As new funds enter the arena, costs have been coming down. Three relative newcomers, Hussman Strategic Growth Fund (HSGFX), ICON Long/Short Fund/I (IOLIX), and Analytic Global Long-Short, as well as Baron’s fund, all have expense ratios less than 1.5%. That compares favorably with Needham Growth, which charges 1.75% and AXA Rosenberg’s long-short funds, all of which charge in excess of 2.5%. But because strategies vary so widely, investors need to make apples-to-apples comparisons. Analytic’s global fund, which has a 1.3% expense ratio can rightly be compared with AXA Rosenberg: Global Long/Short Equity/Inv (RMSIX), which has a 2.9% one, because it has a global focus and always has at least a third of its portfolio short. ICON’s and Baron’s funds are similar to Needham’s in that they short less and infrequently, making them much more exposed to market fluctuations. Hussman’s fund is in a league of its own, sometimes completely hedged and sometimes not, depending on market conditions.

Smaller management fees are particularly valuable in low-risk/return hedging strategies such as merger and convertible arbitrage. “Merger arb funds typically earn between 8% and 10% a year,” says Lou Stanasolovich, CEO of Legend Financial Advisors in Pittsburgh. “To charge 1% of assets and 20% of profits on that is pretty hideous.” So in his client’s portfolios, Stanosolivich uses Merger Fund (MERFX) and Arbitrage Fund (ARBFX), which have expense ratios of 1.3% and 1.9% respectively. Both funds have beaten the average arb hedge fund’s returns in recent years.

But how does an adviser fit one of these funds in a portfolio? With long-short funds, Harin Da Silva of Analytic Global Long-Short Fund recommends a “core-and explore” approach, putting 80% to 90% of stock assets into an index fund, but the remainder into a long-short vehicle. “Normally, if you put money into an active equity strategy, the fund’s exposure to the market accounts for 80% to 90% of the return, and stock picking the rest,” he says. But by holding short positions, long-short funds reduce their beta–or exposure to the market’s moves–so that most of their returns stem from stock picking. So a 10% or 20% position in a long-short fund acts as a substitute for the active manager’s contribution to returns in a traditional fund. “This way your portfolio is more cost efficient,” Da Silva says. “You are paying active management fees for stock selection, not market direction.”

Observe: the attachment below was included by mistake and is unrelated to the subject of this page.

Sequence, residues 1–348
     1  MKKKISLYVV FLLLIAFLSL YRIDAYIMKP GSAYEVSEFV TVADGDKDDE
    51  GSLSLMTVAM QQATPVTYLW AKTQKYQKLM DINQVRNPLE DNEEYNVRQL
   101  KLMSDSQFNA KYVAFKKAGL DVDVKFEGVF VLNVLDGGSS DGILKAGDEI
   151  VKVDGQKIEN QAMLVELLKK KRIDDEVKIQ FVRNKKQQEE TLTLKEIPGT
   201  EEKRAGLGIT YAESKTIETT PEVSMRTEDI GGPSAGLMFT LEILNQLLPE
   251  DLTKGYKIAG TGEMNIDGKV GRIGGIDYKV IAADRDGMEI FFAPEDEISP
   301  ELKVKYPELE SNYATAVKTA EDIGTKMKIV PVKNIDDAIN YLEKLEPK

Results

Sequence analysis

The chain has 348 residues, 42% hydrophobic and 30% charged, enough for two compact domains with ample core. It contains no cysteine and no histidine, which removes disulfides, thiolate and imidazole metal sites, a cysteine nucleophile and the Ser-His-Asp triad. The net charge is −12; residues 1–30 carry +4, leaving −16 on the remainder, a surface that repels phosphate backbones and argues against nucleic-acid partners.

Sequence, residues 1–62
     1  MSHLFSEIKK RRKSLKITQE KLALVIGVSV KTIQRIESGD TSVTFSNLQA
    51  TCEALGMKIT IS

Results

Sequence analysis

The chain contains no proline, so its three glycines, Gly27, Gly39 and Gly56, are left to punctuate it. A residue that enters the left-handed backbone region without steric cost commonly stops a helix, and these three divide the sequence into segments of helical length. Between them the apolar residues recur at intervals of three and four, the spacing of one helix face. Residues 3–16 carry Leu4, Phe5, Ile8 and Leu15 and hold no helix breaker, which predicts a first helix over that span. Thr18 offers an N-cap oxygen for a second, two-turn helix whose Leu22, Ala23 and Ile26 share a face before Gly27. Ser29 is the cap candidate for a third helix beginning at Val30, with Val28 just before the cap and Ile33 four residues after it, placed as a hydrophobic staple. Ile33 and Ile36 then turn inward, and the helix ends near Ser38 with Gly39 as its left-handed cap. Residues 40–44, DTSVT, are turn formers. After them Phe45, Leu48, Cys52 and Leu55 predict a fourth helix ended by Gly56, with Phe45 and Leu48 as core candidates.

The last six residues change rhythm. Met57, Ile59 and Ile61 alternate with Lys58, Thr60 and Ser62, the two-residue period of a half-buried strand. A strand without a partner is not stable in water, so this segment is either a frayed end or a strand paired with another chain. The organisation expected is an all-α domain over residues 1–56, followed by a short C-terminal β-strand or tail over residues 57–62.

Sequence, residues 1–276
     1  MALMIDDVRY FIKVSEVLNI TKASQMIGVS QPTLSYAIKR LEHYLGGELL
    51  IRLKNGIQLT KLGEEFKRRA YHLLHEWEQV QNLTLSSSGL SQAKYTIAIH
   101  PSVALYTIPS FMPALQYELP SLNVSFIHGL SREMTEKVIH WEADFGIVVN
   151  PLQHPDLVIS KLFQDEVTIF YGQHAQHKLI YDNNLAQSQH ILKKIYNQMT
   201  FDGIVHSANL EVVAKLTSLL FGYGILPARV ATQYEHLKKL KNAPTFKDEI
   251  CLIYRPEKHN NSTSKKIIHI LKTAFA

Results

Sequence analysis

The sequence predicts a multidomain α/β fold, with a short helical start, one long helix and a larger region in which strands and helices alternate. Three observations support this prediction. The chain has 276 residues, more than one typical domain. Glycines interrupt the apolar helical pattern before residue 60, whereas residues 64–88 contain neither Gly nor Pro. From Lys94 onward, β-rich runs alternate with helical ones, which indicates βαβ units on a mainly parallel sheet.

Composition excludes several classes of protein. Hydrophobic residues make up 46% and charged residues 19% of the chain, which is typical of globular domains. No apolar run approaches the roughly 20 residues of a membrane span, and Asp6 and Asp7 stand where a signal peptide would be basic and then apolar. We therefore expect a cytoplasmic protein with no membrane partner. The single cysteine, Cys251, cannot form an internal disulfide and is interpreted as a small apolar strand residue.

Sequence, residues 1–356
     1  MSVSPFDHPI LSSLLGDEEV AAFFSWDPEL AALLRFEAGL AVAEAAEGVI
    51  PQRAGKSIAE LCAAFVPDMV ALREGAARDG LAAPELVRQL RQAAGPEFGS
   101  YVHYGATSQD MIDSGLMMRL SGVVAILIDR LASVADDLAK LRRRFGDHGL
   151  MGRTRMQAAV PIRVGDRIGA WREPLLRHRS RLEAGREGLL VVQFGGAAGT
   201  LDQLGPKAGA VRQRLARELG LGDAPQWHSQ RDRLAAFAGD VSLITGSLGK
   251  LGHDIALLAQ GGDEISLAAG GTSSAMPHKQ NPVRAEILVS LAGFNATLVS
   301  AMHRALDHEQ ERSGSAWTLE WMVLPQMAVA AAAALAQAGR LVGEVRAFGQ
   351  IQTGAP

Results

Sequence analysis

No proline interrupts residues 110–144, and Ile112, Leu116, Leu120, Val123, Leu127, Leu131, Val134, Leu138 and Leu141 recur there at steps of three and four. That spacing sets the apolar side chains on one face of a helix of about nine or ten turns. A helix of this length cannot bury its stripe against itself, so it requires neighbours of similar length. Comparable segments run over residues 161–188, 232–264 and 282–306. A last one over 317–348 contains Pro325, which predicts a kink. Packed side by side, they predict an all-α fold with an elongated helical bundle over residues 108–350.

Funds that employ other kinds of hedging–merger arb, convertible arb, etc.–often behave like a different asset class from stocks or bonds and will need to be run through an optimizer to see how they fit with a client’s overall portfolio. Arb funds have a similar volatility level to bond funds, so they can probably replace a portion of a client’s fixed income portfolio. In some of his accounts, Stanosolovich has a much as 33% allocated to merger arb.

Though mutual funds are rapidly moving into hedged strategies, there are still some areas they can’t touch. “Highly leveraged fixed income hedge funds are hard to mimic with mutual funds, because of regulatory restrictions on leverage,” says Lake. “So are global macro strategies that invest in everything that moves.” Then again, such risky strategies were precisely what caused some of the biggest blow-ups in hedge fund history, including the infamous Long-Term Capital in 1998. Such volatile fare the average investor is better off without.